If you are using the advanced replication option, you will use Oracle built-in packages to create and maintain a replicated environment. This chapter describes packages and the roles they play in the configuration and upkeep of a multi-master environment.
In this chapter, the presentation is more or less chronological -- the packages and their programs are presented in roughly the order in which you would run them in a real advanced replication situation.
The first step in creating an advanced replication environment is to create administrative and end user accounts. The DBMS_REPCAT_AUTH and DBMS_REPCAT_ADMIN packages contain programs that grant and revoke the privileges required in such an environment. This section describes the DBMS_REPCAT_AUTH operations; the next section describes DBMS_REPCAT_ADMIN.
The DBMS_REPCAT_AUTH package is created when the Oracle database is installed. The dbmsrepc.sql script (found in the built-in packages source directory, as described in Chapter 1, Introduction ) contains the source code for this package's specification. This script is called by catrep.sql , which must be run to install the advanced replication packages. The wrapped sql script prvtrepc.sql creates the public synonym DBMS_REPCAT_AUTH. No EXECUTE privileges are granted on DBMS_REPCAT_AUTH; only the owner (SYS) and those with the EXECUTE ANY PROCEDURE system privilege may execute the package.
The DBMS_REPCAT_AUTH programs are listed in Table 15.1 .
The DBMS_REPCAT_AUTH package contains programs that let you grant and revoke "surrogate SYS" privileges to a user. Private database links owned by SYS connect to the surrogate SYS account at remote sites, thereby avoiding the need for any database links that connect to SYS.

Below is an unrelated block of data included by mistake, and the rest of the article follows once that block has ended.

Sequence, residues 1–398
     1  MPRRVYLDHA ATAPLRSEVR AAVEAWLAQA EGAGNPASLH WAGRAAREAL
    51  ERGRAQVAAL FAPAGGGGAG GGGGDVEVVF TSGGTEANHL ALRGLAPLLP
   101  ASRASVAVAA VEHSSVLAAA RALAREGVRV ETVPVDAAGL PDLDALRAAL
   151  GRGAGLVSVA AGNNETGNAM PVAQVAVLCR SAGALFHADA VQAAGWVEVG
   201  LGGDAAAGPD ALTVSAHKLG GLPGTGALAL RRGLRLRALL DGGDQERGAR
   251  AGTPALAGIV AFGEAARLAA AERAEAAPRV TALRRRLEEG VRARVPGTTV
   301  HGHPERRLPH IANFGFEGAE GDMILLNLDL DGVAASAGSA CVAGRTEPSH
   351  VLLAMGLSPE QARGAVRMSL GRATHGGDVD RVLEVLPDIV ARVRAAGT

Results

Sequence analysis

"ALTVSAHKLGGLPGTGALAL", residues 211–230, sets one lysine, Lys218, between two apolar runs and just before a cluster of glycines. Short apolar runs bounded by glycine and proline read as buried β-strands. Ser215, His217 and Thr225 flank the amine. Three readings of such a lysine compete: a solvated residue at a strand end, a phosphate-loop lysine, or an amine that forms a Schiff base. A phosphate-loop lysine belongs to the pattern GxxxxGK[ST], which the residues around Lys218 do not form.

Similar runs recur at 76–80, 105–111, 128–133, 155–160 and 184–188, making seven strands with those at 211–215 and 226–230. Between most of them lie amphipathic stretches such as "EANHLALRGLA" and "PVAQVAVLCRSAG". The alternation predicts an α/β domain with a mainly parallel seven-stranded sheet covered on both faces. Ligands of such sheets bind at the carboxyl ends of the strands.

PROCEDURE DBMS_REPCAT_AUTH.GRANT_SURROGATE_REPCAT (userid IN VARCHAR2);
where userid is the Oracle userid for whom you are granting privileges.
The GRANT_SURROGATE_REPCAT procedure may raise the exception ORA-1917 if the specified user does not exist.
The following example illustrates how you might use GRANT_SURROGATE_REPCAT:
BEGIN DBMS_REPCAT_AUTH.GRANT_SURROGATE_REPCAT('REPSYS'); END;
This call configures the REPSYS account to perform tasks required to replicate remote DML and DDL at this site. The SYS account from remote sites should have private database links connecting to this account. The privileges granted include EXECUTE privileges on replication packages. DML privileges are data dictionary tables associated with replication.
PROCEDURE DBMS_REPCAT_AUTH.REVOKE_SURROGATE_REPCAT (userid IN VARCHAR2);
where userid is the Oracle userid for whom you are revoking privileges.
The REVOKE_SURROGATE_REPCAT procedure may raise the exception ORA-1917 if the specified user does not exist.
The following example shows how to use REVOKE_SURROGATE_REPCAT:
BEGIN DBMS_REPCAT_AUTH.REVOKE_SURROGATE_REPCAT('REPSYS'); END;
You must have only one surrogate SYS account at each site in a multimaster environment, and it is most convenient if the userid is the same at every site. Generally, the only usage of the surrogate SYS account is via a database link.
Oracle8 and Oracle7 use different mechanisms to propagate changes between sites. Oracle8 does not require a surrogate SYS account, as Oracle7 does. Instead, with Oracle8 you designate a propagator account that delivers queued transactions to remote databases and applies transactions locally on behalf of remote sites.
The programs to create and to drop propagator accounts, REGISTER_PROPAGATOR and UNREGISTER_PROPAGATOR, are contained in the DBMS_DEFER_SYS (described in Chapter 17, Deferred Transactions and Remote Procedure Calls ).
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